The private pilot of the Cessna 170, 59, had logged 476.2 total flight hours, including 432.1 hours in the Cessna 170, including 3.75 hours in the previous 90 days.
A friend of the pilot said he saw the Cessna 170 enter the traffic pattern at the airport in Auburn, Calif., but didn’t watch the full approach and landing because he was busy putting his airplane back into his hangar.
When the C-170 didn’t land at the airport, the friend notified local authorities. The airplane wreckage and the bodies of the pilot and passenger were located the following morning in a heavily wooded area almost directly in line with the runway.
The airplane came down through the trees and the impact tore off both wings.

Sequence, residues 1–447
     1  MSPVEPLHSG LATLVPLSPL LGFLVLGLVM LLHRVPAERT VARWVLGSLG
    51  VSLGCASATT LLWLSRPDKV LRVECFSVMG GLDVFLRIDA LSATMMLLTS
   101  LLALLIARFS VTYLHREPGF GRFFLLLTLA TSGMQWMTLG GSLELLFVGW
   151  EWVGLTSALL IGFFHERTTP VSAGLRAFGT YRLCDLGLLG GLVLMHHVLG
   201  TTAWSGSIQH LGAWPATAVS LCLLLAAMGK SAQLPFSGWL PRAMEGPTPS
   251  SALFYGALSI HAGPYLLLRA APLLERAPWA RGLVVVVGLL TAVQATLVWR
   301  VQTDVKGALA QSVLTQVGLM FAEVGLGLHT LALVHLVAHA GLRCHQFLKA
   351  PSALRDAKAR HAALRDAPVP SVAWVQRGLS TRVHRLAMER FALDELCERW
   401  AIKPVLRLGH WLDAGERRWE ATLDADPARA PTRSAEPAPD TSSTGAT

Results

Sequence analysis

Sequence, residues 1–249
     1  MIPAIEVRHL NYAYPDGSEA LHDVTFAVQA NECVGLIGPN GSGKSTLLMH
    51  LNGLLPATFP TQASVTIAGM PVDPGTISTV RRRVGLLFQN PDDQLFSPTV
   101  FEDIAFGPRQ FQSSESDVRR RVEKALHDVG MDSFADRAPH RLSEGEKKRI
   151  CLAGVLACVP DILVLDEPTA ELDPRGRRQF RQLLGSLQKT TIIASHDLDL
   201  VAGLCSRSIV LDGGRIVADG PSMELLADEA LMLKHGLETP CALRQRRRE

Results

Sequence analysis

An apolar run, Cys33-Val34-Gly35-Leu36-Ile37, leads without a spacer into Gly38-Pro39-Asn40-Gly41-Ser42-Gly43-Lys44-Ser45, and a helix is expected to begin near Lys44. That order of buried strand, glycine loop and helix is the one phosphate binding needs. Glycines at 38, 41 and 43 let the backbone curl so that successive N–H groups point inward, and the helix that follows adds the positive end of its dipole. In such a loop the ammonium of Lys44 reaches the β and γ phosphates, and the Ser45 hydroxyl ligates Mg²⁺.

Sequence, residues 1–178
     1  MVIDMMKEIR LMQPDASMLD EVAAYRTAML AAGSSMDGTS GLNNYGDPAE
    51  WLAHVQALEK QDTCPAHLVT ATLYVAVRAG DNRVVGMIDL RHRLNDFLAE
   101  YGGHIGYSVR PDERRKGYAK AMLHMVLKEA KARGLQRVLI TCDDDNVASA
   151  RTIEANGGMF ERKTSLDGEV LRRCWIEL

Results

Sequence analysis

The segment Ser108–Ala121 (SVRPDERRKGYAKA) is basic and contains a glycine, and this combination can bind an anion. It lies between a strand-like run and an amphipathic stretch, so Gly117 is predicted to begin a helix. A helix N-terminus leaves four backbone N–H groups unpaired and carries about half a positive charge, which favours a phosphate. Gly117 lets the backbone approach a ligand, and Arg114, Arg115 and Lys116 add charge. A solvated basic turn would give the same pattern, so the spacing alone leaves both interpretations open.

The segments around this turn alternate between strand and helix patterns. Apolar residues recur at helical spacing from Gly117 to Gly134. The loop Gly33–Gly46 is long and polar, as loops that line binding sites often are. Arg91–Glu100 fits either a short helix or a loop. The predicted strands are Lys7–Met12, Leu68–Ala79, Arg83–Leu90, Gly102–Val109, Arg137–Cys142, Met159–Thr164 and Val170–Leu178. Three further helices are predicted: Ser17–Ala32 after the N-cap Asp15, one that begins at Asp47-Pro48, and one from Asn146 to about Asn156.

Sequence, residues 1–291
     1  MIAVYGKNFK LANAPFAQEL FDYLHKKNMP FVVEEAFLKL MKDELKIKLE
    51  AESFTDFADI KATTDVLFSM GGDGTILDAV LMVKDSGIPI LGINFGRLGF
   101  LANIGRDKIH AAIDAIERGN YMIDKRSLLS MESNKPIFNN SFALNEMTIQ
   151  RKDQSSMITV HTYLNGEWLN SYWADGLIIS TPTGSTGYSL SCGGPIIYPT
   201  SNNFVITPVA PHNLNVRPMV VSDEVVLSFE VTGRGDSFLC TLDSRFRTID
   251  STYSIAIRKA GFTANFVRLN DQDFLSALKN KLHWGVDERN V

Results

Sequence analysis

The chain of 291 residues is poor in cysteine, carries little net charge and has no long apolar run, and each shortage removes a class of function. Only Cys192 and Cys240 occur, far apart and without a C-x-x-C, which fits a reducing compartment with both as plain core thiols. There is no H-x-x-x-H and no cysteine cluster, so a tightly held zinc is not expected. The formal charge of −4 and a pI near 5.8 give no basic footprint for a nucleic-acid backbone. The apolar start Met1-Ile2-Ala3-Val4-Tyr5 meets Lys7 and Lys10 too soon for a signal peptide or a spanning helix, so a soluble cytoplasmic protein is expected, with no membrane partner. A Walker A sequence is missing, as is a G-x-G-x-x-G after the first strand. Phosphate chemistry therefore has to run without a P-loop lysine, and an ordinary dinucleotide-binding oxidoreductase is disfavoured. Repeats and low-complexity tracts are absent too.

GPS data recovered showed the airplane entered the downwind leg of the airport traffic pattern and proceeded to turn left onto the base leg and final approach to the runway.
The last three GPS data points showed the airplane at a groundspeed of about 64 knots, which was well above the stall speed. The GPS data showed that the airplane was well above the 3° glidepath to both the runway threshold and the precision approach path indicator location.
Wreckage and impact signatures were consistent with a stall and subsequent spin and a near-vertical impact with terrain.
The NTSB determined the probable cause was the pilot’s failure to maintain airplane control during approach to landing, which resulted in an inadvertent stall and subsequent spin.
NTSB Identification: WPR13FA236
This May 2013 accident report is provided by the National Transportation Safety Board. Published as an educational tool, it is intended to help pilots learn from the misfortunes of others.